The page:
The event is free and open to the public, and will take place at the college’s Orvis Activities Center Auditorium. A reception will follow from 6:30 to 7:30 p.m. at the Hinkle Memorial Library, during which refreshments will be served.
To inquire about exhibiting your work in the Hinkle Gallery, email email@example.com or call 607-587-4313.
Finding a job after graduating from college doesn’t have to be a challenge. In some career fields, employers cannot fill positions quickly enough, as the number of openings is much greater than the number of qualified, college-educated candidates available.
Research from Georgetown University predicts that by 2020, 69 percent of all jobs in New York will require postsecondary education. Unfortunately, only 58 percent of New Yorkers aged 25 or older have earned that level of education. Nationwide it’s predicted that this skills gap will result in 5 million jobs remaining unfilled.
Elaine Morsman, director of the Career Development Center, said Alfred State’s emphasis on applied learning and real-world experience really gives students the skills they need when it comes time to enter the workforce, as does the college’s in-demand academic offerings.
“We’re consistently seeing terrific employment and continuing education rates among graduates throughout our 70-plus majors, whatever their related field’s job outlook is,” Morsman said, “but in those career areas that have more openings than graduates to fill them, Alfred State is certainly being a part of the solution by offering so many in-demand majors and by preparing students to be ready to work from day one.”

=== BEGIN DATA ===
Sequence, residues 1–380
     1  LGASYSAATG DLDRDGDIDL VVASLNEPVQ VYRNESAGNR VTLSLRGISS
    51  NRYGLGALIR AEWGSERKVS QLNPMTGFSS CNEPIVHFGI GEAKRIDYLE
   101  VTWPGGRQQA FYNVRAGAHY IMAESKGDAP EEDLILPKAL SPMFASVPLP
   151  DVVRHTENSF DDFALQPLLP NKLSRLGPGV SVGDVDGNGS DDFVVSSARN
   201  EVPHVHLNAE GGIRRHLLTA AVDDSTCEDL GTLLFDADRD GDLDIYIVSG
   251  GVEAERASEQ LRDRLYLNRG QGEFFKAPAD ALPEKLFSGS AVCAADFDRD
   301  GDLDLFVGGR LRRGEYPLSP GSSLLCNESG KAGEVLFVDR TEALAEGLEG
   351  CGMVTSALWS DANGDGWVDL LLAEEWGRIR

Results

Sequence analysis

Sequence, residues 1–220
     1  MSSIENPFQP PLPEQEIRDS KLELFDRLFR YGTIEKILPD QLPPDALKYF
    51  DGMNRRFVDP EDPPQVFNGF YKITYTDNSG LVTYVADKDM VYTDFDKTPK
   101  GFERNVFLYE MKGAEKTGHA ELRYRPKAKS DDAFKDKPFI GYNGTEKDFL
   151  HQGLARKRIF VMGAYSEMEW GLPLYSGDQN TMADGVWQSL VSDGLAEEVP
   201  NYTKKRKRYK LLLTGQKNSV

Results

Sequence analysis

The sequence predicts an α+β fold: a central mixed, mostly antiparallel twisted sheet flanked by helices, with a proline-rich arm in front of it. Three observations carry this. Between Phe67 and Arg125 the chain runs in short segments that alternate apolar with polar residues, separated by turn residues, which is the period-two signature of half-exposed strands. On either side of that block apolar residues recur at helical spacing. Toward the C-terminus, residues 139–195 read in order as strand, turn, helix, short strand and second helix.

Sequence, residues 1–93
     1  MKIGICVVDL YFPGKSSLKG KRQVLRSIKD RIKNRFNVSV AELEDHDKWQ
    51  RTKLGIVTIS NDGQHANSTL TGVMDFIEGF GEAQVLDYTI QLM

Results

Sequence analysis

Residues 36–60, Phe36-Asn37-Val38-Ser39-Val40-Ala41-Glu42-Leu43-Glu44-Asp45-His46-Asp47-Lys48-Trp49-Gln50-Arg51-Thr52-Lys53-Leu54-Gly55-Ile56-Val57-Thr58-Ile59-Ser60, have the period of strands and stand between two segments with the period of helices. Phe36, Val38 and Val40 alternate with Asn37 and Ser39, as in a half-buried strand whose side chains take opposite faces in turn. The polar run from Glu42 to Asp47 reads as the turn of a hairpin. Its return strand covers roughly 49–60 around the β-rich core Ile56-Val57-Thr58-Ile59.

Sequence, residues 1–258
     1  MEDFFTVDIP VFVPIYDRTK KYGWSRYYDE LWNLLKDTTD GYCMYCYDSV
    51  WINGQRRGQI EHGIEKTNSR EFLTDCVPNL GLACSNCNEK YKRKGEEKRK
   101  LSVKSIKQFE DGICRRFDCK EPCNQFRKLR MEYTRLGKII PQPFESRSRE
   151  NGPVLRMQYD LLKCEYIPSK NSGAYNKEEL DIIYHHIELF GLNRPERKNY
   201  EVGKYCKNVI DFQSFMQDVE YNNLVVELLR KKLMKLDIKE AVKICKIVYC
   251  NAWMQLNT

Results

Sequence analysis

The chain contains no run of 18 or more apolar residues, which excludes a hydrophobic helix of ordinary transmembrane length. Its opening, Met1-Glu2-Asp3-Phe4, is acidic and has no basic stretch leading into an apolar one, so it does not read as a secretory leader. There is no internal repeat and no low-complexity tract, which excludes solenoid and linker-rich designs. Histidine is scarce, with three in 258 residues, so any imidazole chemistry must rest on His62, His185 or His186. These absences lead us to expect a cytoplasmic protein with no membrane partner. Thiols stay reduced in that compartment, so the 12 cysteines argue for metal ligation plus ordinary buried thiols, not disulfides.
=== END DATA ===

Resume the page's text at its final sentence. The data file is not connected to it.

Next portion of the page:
Alfred State offers numerous majors that continue to produce skilled, job-ready graduates who are helping to fill the skills gap in these high-need areas. By offering in-demand programs, Alfred State has a 99 percent employment and continuing education rate for graduates.
The following list shows 20 degree offerings that the college has identified in which there are employers ready to make more hires than there are graduates available:
According to studies by Georgetown University’s Center on Education and the Workforce, the degree clusters which have seen the greatest number of jobs created in the past several years are business management (1.6 million), and health-related professions (1.5 million), followed by technical occupations (966,000). When looking at percentage increases in new jobs, health care, and STEM jobs are among the fastest-growing occupational clusters. These trends show how a wide variety of Alfred State’s programs are directly aligned with the occupational needs of tomorrow.